Fachbereich Veterinärmedizin



    NeuroPraep – be on track for neurological diseases (2016)

    Sehl, Julia (WE 1)
    Plendl, Johanna (WE 1)
    Loderstedt, S. (WE 20)
    Käßmeyer, Sabine (WE 1)
    31st Conference of the European Association of Veterinary Anatomists
    Wien, 27. – 30.07.2016
    Anatomia, histologia, embryologia; 45(Suppl. 1) — S. 75–76
    ISSN: 0340-2096
    URL (Volltext): http://onlinelibrary.wiley.com/doi/10.1111/ahe.12236/epdf
    DOI: 10.1111/ahe.12236
    Institut für Veterinär-Anatomie

    Koserstr. 20
    14195 Berlin
    +49 30 838 53555

    Abstract / Zusammenfassung

    Introduction: Veterinary and medical students perceive neurology as a difficult, even fearful subject, a phenomonen called “neurophobia” (Abulaban et al. Neurosciences Riyadh 2015; 20 37–40). To successfully acquire clinical skills and establish knowledge in neurosciences, anatomical fundamentals are essential. Our aim was to design a new elective course for preclinical veterinary students combining neuroanatomy and clinical neurology. Material and Methods: Basic concept of the course was the didactic-systematic teaching of neurological symptoms based on functional and topographic anatomy. In close collaboration with clinical partners, disorders such as laryngeal hemiplegia, lumbosacral stenosis or bladder dysfunction were selected. Teaching strategy was group work. Each group consisting of 3–5 students had to compile a protocol and perform dissections in a self-responsible way. Providing high expertise, neuroanatomy and clinical neurology specialists supported each lesson of the course. To share results a poster session was implemented as tool to provide a professional communication tutorial. Students 0 perception of the course was evaluated using questionnaires.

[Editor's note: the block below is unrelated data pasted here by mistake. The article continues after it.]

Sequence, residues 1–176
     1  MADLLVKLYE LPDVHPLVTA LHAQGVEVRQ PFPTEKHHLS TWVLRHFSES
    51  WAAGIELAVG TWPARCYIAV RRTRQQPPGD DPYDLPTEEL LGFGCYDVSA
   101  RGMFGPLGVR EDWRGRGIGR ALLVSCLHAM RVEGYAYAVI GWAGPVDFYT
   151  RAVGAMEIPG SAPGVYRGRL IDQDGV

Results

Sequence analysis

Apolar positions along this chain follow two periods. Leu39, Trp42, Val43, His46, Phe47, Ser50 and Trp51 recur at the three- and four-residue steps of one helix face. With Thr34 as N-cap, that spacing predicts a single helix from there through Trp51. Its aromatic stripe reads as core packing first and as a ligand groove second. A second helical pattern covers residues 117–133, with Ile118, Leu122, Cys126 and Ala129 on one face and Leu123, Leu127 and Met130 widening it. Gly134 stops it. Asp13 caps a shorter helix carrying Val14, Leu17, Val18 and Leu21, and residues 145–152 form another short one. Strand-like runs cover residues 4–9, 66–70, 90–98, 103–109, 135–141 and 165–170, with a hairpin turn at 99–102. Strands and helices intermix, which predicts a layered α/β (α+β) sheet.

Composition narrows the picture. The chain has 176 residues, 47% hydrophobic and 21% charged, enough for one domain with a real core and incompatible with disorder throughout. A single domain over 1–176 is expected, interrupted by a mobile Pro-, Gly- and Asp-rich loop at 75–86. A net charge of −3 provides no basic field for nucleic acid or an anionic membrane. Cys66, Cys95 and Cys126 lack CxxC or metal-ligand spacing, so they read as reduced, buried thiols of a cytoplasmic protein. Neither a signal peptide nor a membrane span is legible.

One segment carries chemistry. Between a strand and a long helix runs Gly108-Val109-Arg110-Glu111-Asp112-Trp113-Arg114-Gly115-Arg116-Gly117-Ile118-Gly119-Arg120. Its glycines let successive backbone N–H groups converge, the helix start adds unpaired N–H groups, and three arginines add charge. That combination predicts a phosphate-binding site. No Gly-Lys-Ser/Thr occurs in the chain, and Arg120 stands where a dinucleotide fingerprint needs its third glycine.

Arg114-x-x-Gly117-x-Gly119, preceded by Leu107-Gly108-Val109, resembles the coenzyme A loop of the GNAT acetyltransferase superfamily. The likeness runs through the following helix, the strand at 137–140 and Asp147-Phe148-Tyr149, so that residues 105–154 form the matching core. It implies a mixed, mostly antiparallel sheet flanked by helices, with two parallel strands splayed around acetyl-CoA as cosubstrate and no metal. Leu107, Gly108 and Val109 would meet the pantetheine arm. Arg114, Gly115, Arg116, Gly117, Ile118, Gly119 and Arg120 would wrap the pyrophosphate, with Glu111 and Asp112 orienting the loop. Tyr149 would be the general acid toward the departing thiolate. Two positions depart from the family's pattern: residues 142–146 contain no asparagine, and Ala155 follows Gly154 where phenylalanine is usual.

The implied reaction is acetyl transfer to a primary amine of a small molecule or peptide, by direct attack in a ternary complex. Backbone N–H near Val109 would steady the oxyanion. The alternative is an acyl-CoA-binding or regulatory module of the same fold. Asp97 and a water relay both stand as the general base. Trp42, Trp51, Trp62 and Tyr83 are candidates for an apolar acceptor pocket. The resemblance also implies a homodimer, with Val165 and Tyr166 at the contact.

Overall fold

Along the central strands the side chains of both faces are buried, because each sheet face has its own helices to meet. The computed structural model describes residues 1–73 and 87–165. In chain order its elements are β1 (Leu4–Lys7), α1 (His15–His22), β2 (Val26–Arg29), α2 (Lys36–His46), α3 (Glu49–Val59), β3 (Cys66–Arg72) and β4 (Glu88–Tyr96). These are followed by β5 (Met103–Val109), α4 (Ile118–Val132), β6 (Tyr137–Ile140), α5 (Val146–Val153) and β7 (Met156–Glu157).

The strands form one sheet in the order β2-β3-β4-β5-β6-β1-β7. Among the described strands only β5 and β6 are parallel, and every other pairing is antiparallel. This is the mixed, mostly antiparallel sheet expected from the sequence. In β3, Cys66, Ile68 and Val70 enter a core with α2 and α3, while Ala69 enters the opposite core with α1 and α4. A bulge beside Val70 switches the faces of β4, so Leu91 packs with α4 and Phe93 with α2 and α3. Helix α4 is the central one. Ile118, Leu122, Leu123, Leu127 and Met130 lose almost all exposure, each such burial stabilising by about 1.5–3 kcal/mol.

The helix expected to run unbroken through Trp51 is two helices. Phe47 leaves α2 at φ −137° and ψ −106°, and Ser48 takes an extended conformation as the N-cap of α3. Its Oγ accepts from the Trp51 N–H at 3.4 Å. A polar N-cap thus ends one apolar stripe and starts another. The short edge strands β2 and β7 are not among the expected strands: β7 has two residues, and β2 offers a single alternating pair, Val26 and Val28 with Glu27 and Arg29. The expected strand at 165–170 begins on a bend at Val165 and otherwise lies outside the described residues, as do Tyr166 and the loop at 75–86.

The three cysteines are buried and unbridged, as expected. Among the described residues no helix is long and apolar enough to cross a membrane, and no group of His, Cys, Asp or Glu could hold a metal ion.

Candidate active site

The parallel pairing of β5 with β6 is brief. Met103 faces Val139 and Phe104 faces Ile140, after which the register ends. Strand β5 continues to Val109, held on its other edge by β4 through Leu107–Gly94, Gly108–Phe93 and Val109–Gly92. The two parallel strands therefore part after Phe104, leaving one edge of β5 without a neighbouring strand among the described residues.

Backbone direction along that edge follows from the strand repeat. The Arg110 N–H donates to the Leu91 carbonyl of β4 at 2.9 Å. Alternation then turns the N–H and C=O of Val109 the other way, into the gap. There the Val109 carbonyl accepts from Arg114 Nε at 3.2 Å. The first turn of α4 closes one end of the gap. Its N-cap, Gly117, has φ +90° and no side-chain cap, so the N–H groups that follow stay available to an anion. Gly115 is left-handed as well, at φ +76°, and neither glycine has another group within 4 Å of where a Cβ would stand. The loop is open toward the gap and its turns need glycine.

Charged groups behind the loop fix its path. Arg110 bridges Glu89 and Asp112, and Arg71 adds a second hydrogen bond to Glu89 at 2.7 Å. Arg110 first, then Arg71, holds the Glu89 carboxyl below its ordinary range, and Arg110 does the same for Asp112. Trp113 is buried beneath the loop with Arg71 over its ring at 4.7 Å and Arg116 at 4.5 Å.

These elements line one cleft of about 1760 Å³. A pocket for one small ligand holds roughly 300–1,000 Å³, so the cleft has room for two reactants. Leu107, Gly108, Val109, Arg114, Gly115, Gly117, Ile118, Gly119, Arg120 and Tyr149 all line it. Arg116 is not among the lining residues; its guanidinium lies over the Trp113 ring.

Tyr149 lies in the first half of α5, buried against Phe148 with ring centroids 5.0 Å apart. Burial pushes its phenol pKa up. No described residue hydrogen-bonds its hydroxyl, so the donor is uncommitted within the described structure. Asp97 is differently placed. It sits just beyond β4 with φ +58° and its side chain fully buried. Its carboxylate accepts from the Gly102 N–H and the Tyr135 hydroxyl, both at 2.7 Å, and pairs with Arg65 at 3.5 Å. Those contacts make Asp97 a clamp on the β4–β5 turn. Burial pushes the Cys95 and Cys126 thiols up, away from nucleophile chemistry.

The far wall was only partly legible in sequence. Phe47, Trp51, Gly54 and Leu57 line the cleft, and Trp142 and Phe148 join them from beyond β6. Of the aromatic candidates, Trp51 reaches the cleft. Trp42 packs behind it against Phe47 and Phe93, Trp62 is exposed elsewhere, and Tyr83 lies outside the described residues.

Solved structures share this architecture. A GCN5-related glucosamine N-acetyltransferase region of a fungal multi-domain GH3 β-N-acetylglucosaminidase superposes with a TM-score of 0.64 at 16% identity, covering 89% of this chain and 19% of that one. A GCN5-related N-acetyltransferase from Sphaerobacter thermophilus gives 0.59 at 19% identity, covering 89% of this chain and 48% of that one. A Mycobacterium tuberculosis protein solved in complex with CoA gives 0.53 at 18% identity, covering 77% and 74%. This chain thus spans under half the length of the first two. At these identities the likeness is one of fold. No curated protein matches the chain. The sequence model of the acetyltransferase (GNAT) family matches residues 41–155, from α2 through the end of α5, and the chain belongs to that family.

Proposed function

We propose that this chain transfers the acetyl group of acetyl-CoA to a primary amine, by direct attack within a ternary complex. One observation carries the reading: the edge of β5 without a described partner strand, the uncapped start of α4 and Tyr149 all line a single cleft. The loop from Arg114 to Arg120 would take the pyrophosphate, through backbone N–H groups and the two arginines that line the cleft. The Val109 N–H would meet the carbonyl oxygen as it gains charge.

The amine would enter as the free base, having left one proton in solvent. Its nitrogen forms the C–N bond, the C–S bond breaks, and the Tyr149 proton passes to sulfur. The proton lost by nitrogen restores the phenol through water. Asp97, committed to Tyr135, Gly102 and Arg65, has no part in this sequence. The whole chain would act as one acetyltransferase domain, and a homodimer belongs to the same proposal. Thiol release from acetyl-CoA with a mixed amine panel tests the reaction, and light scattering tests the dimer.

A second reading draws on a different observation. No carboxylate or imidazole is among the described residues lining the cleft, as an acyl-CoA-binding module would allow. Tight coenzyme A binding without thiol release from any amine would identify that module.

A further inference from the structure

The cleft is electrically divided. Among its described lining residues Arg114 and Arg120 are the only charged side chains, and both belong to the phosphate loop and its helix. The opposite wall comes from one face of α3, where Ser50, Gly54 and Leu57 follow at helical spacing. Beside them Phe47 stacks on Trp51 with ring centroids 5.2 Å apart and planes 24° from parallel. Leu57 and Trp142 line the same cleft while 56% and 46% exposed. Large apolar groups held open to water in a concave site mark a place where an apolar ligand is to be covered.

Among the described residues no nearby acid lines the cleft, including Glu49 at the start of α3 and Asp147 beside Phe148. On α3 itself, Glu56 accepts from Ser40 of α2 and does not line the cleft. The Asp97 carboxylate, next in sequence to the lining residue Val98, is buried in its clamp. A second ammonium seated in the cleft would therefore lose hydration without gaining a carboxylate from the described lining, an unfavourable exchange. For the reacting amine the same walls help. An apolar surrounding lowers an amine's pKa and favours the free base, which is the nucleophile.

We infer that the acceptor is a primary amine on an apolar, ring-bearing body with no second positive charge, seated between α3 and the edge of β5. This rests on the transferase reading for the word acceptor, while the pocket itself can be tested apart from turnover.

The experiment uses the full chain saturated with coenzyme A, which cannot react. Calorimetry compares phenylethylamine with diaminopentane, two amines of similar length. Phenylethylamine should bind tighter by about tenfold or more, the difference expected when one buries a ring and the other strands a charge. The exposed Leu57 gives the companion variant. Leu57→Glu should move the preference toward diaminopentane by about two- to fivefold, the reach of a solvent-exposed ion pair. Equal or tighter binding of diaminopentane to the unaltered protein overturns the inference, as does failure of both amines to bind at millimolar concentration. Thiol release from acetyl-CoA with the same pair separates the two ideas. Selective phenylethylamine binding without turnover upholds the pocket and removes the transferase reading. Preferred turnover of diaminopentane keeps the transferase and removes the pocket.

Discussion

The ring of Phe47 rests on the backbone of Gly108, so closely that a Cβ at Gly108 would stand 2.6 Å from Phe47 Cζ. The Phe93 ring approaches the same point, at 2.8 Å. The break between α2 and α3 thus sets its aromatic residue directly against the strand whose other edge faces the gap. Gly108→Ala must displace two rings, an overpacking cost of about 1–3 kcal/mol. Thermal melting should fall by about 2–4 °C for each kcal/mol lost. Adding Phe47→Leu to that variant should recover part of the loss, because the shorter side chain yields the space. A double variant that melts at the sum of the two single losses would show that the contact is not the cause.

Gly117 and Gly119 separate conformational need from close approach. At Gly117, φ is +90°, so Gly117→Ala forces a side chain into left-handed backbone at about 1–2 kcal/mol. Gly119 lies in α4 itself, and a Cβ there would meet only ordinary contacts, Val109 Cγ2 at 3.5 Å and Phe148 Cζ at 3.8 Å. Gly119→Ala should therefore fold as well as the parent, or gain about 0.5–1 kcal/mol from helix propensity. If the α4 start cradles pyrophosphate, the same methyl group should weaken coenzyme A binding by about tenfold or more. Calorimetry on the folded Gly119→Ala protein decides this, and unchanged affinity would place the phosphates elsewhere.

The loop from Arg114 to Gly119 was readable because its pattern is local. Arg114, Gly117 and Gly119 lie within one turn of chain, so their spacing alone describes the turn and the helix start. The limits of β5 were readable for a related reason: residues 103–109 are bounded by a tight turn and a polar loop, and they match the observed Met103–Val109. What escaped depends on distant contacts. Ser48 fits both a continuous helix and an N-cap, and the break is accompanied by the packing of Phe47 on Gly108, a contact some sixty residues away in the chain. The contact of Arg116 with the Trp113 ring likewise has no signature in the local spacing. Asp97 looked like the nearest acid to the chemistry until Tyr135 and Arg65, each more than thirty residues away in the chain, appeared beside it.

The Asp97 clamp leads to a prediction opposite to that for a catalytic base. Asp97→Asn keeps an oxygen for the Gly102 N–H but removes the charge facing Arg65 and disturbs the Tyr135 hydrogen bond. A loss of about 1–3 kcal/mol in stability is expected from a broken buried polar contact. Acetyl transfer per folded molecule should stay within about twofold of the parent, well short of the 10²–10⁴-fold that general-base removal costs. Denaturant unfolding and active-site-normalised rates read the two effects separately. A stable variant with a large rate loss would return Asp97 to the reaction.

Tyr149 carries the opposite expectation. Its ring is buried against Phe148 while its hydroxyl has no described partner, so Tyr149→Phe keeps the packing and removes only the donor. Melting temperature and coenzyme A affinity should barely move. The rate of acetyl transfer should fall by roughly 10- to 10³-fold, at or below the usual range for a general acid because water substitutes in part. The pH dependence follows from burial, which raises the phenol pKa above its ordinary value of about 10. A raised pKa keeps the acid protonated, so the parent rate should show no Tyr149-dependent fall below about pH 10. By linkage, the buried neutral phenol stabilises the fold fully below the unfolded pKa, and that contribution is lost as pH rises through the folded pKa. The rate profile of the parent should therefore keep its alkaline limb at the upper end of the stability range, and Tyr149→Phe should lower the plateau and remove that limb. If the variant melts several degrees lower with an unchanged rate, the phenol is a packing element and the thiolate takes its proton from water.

Results: All groups prepared precise dissection protocols. Preparations were carried out with high level of emphasis on relevant anatomical structures, key to elucidate neurological signs of respective disease. During presentation students confirmed that acquired knowledge on anatomical background is needed to understand relevant parts of the neurological examination. Evaluation of the course was excellent. Students expressed their appreciation of a greater learning effect by dissecting relevant structures involved in certain disease processes. Group discussions about important anatomical structures and relation to the disease were evaluated particularly rewarding.
    Conclusion: For students the course provided an increase of understanding that the first step in solving a clinical neurological problem is its exact anatomical localization. Interlinking of anatomical and clinical aspects of neurological diseases offers an in-depth learning experience of functional neuroanatomy and provides a key tool to manage the challenging field of clinical neurology.